The European Economic Congress 2014 in summary - 13-06-2014
Inauguration of the EEC 2014. Fot. PTWP

6100 guests, 500 journalists from 200 editorial offices, and the advertising equivalent of PLN 30m – these are some of the key figures that summarize the 6th edition of the European Economic Congress in Katowice, the most important economic and political debate in Central Europe.

The sixth edition of the European Economic Congress (EEC) took place on 7-9 May, almost 10 years after the EU saw its largest expansion with the accession of ten countries, including the Central European and Baltic states.

During Friday’s press conference, the event organiser, PTWP Group, among other things, the publisher of “Nowy Przemysł” (“New Industry”), an economic monthly magazine and the portal, summarized this year’s Congress.

Mr Wojciech Kuśpik, President of the PTWP Group and initiator of the European Economic Congress emphasized that the number of publications and the advertising equivalent, which is what it would cost in commercial terms to pay for a similar amount of media exposure, reflect the scale of the event.

The organizational budget for EEC 2014 was approximately PLN 6m, and the advertising equivalent for this year’s edition was five times higher. The Congress, which was held in Katowice, produced almost 5.5 thousand radio, press, TV and internet releases.

Mr Kuśpik mentioned that a survey of the Congress participants by the BCMM research institute indicates that over 90% of them said that they would come to the next edition in 2015. Similar figures were obtained in previous years.

Although most of the EEC guests came from Poland, the number of international visitors from Central Europe, mostly the Czech Republic and Slovakia, but also from other EU countries, is continually growing. Each year Katowice has received delegations from Africa and China, and this year from Pakistan as well.

As Mr Kuśpik emphasized, it is important that attendees have the opportunity to establish new contacts, and become acquainted with the interesting themes raised in panel discussions and the opinions of the invited experts. Many of the meetings held in Katowice help in establishing new business contacts and additionally have a positive impact on future investment decisions.

“We are convinced that the Congress has a significant impact, and already features in the annual diaries of the many distinguished businessmen and politicians who come here to Katowice, and take away positive perceptions of the changes that have taken place in the region”, said Mr Kuśpik.

He added that the event organisers always make every effort to ensure that the proposed themes herald current events, just as the world of business is mostly interested in what will happen over a few or a dozen years rather than in the next few months.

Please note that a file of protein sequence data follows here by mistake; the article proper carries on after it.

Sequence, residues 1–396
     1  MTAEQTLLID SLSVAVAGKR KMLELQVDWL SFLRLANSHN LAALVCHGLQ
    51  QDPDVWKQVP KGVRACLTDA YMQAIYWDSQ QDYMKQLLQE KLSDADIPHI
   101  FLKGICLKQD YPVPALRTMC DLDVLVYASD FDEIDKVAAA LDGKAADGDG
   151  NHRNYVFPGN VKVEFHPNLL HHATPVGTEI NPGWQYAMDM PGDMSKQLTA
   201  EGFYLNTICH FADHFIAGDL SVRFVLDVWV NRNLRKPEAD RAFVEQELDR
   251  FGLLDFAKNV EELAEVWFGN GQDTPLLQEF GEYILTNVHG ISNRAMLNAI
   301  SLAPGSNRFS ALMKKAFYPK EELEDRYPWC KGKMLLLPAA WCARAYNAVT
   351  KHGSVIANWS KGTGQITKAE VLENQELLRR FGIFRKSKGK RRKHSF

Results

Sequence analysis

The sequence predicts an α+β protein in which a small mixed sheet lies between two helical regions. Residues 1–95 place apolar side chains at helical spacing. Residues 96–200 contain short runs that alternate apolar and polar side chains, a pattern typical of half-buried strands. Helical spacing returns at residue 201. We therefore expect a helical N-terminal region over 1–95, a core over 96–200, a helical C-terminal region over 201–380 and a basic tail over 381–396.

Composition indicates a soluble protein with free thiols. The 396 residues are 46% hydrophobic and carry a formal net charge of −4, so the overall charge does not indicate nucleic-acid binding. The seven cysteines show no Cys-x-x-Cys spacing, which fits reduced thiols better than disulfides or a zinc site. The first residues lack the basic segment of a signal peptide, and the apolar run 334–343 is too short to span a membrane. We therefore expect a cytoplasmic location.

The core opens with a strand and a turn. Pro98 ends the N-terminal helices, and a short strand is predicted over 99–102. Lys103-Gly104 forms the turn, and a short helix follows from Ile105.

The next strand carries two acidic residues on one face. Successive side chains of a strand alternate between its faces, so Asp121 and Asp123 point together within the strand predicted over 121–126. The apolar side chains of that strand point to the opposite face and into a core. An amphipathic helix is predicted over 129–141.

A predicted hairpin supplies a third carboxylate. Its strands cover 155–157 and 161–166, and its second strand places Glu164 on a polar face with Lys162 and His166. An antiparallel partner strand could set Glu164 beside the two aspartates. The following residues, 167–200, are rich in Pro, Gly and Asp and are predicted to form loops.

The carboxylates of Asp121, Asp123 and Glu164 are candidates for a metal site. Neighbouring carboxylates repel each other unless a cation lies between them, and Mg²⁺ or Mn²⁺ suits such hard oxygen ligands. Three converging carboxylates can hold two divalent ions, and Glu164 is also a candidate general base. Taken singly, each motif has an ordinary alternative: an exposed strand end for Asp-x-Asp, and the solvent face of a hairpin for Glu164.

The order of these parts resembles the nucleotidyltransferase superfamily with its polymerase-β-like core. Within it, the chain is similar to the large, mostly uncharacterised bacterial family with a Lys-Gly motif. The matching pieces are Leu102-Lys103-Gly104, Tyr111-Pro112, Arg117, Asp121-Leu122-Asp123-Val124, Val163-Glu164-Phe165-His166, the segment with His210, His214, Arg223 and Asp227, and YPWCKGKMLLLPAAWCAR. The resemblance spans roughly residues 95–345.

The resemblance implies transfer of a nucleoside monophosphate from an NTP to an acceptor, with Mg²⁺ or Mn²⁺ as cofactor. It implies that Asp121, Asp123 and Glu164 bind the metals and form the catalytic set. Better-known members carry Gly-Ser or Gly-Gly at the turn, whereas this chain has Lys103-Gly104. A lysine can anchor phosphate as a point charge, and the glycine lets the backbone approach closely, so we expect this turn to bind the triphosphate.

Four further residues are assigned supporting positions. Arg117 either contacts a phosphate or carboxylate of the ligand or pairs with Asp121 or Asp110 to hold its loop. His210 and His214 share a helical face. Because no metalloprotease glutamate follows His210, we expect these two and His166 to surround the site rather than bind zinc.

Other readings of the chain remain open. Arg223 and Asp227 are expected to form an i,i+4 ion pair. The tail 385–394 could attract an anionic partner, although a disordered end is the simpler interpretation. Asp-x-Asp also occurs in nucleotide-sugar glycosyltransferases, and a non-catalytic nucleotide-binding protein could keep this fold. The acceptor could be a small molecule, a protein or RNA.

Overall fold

Such is the case with what has been the main theme of every Congress: EU energy solidarity. Economic cooperation with Africa and the EU-US free trade agreement have also been highlighted. These topics have become more subject to public debate since their exposure at the Congress.

Mr Kuśpik expressed the hope that EEC 2015 would take place in the new International Conference Centre that is being built in the neighbourhood of Katowice’s famous “Spodek” (a multipurpose arena complex). Construction work is due to be completed in the autumn of 2014. Previous editions of the Congress were spread over several or even a dozen smaller locations, scattered around the city centre.

The International Conference Centre, along with neighbouring facilities, such as the new Museum of Silesia and the new seat of the Polish National Radio Symphony Orchestra in Katowice, will comprise what is called the Cultural Zone. All three facilities are located in the revitalized area of the former “Katowice” mine.

According to Mr Kuśpik, the new location will impress the Congress guests. Mr Kuśpik also said that work on the next edition of the European Economic Congress was already underway.

Mr Jerzy Buzek, Member of the European Parliament, former Prime Minister of Poland, President of the European Parliament and Chairman of the EEC Patronage Council paid attention to the three leading themes of this year’s Congress.

“The first theme is for the EU to find a way out of economic stagnation. Many of us have got used to the fact that things are alright as they are, and think that they don’t need to change. However, any revival will not be possible without access to cheap energy. After all, it is only cheap energy that will enable Poland and Europe to entertain economic growth of over 3%”, said Mr Buzek.